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Herod the Great

Herod the Great


In 36 BCE, an Idumean named Herod took over as king of Judea. Known as Herod the Great, he apparently suffered from paranoia and ruled with ruthless brutality. He put to death forty-six leading members of the Sanhedrin and killed all the remaining members of the Hasmonean family, including, eventually, his own wife and children.

Herod was also an ambitious builder. His projects included, among others, the fortress in Massada, the building over the Cave of the Patriarchs in Hebron, and the port city of Caesaria. But his most ambitious project by far – which he embarked on in 19 BCE – was the renovation and expansion of the Temple, which was dilapidated after 334 years. (He undertook this renovation as atonement for all the rabbis he killed.)

The result was spectacular.1 Herod's Temple was made of white marble and covered with gold plates. According to Josephus, "it reflected so fierce a blaze of fire that those who tried to look at it had to turn away, as if they had looked straight at the sun. To approaching strangers it appeared in the distance like a mountain covered with snow." The Sages concurred: "He who has not seen the Temple of Herod, has never seen a beautiful building" (Babylonian Talmud, Baba Batra, 4a; Shemot Rabba 36:1).2

After Herod's death, the country largely descended into anarchy. The Roman governors oppressed the Jews and allowed lawlessness to reign. Roving gangs and corrupt Roman officers plundered and killed. Former High Priests – who had paid their way into the office and then been replaced – formed their own militias to control the Temple. As a result of the violence and chaos, in 28 CE, the Sanhedrin left their post in the Temple.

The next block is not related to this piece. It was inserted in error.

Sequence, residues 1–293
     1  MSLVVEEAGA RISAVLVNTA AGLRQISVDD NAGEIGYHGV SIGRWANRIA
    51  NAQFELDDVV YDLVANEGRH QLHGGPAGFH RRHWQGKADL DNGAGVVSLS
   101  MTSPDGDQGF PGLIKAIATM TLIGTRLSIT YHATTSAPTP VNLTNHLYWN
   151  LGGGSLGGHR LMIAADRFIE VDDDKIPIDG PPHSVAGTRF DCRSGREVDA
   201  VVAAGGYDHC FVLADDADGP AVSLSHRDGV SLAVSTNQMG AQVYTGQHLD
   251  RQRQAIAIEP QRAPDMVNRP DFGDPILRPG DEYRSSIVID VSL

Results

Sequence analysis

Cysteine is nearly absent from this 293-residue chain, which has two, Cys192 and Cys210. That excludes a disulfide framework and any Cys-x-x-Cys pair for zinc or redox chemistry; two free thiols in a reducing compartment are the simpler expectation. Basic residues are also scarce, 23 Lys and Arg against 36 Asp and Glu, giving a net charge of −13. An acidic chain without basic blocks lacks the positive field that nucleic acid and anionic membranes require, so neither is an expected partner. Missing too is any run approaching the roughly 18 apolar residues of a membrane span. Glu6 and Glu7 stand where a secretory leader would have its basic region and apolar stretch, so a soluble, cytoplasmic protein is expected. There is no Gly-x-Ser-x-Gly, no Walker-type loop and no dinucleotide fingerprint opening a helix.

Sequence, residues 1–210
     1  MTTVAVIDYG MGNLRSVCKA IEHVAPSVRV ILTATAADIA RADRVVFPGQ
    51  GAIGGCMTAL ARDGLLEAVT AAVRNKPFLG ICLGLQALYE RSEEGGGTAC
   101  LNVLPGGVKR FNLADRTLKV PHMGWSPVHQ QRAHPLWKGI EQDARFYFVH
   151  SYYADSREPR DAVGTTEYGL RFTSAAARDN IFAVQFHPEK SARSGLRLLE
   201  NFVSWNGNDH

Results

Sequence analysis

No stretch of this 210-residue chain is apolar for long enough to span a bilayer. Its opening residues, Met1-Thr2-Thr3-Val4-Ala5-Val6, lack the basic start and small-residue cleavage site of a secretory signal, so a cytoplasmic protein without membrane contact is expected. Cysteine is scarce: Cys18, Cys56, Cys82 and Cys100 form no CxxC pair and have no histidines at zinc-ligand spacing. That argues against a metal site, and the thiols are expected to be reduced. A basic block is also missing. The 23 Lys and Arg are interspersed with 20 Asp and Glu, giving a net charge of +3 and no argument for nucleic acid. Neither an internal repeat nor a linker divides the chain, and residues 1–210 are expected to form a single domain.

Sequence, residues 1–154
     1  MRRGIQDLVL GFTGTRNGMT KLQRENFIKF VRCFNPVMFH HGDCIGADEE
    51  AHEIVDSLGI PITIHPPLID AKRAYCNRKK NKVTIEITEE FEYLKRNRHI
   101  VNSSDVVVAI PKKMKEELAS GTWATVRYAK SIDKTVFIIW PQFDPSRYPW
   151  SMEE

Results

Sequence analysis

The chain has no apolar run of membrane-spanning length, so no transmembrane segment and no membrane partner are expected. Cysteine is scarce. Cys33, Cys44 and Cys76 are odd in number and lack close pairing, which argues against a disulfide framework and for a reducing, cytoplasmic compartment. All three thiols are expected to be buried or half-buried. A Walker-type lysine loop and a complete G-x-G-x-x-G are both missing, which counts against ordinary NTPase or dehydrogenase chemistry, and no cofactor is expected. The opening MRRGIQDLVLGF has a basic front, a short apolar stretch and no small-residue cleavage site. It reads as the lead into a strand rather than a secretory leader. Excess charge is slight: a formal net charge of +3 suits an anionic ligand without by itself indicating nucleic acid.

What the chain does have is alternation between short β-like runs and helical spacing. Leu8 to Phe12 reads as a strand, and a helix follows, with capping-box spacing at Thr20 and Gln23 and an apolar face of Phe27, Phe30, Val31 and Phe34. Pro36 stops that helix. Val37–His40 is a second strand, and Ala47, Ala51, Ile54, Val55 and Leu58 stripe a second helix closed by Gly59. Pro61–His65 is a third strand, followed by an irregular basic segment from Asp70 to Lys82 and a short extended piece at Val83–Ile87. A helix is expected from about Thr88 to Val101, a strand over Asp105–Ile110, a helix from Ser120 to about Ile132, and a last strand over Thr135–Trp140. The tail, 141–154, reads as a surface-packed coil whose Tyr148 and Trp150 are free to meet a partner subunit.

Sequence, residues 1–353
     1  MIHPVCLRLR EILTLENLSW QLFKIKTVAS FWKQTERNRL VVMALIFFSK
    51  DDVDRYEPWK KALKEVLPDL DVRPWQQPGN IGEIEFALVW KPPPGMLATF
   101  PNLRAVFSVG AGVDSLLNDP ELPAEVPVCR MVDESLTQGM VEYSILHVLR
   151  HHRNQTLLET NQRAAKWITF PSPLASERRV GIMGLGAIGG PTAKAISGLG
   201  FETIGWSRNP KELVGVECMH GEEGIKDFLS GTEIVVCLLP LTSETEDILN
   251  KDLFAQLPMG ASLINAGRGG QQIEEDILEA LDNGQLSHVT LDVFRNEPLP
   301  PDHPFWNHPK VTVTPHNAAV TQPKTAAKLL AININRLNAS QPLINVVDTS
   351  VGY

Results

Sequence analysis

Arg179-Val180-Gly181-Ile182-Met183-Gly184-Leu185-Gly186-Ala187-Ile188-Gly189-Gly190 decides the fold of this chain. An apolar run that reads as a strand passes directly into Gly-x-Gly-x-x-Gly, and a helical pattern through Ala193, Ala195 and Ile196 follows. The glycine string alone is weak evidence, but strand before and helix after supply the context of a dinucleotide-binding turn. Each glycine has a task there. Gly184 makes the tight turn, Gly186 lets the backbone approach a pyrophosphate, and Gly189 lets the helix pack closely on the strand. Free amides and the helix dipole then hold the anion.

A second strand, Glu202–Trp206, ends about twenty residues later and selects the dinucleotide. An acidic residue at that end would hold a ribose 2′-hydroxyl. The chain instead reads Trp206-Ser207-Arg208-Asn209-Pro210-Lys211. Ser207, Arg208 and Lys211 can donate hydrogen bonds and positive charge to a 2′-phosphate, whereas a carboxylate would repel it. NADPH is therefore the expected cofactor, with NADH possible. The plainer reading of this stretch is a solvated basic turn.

The wall we call today the Western Wall is actually just one part of one of the retaining walls that Herod built to support the colossal platform on which he then built the Temple. (Of the visible part of the wall, only the bottom seven layers of stones, consisting of large stones with indented borders, date from Herod's project; the others were added on afterwards. Engineers today are mystified as to how Herod moved some of these enormous stones.)


Herod defaced the magnificent edifice, though, by installing a golden eagle – a symbol of Rome – over its gates. When Herod lay dying in 1 BCE, some rabbis and Torah students removed the offensive symbol. When Herod heard about this, he had them burned alive.

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Rod Koozmin Frederick MD August 5, 2014

I'm a little confused by when the Second Temple became Herods Temple and was it still considered Second and why, wasn't it significantly different? Reply

W.Munsterman Netherlands October 22, 2017
in response to Rod Koozmin:

in 20 b.c.e Herod rebuild the Second Temple which was first constructed by Zurubabel. What was different between the Temple of Zurubabel and Herod was the construction/size etc. I can't answer for sure the question 'was it still considered second and why' but my guess would be; The Tempel of Zurubabel underwent some kind of update and was not demolished like the First Temple. So in that sense, it is still the Second Temple but with an update (like going from Windows 8 to windows 8.1) Reply

Anonymous melbourne, victoria February 11, 2010

bad king this all shows that herod was truly a bbbaaaddd king! :( Reply